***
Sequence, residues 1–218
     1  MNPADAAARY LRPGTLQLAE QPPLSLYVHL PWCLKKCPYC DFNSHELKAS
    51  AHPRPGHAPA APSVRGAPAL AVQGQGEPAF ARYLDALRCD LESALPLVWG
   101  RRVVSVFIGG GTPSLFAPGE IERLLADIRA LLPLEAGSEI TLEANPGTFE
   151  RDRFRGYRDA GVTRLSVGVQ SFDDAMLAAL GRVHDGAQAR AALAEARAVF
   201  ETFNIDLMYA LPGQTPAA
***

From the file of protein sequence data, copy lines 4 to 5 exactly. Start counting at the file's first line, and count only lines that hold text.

   101  RRVVSVFIGG GTPSLFAPGE IERLLADIRA LLPLEAGSEI TLEANPGTFE
   151  RDRFRGYRDA GVTRLSVGVQ SFDDAMLAAL GRVHDGAQAR AALAEARAVF